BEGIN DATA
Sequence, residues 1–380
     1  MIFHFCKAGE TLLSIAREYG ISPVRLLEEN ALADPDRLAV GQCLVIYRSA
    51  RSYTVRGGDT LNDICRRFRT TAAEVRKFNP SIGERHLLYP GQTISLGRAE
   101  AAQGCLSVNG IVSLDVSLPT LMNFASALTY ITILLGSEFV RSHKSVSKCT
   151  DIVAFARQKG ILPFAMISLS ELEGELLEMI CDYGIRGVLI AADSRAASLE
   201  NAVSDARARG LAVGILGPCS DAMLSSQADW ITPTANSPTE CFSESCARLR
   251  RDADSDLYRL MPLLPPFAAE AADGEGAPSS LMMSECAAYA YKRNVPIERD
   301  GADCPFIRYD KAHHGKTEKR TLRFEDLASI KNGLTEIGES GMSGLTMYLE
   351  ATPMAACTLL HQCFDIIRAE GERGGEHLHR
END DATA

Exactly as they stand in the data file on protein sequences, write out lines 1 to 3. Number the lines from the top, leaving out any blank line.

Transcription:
Sequence, residues 1–380
     1  MIFHFCKAGE TLLSIAREYG ISPVRLLEEN ALADPDRLAV GQCLVIYRSA
    51  RSYTVRGGDT LNDICRRFRT TAAEVRKFNP SIGERHLLYP GQTISLGRAE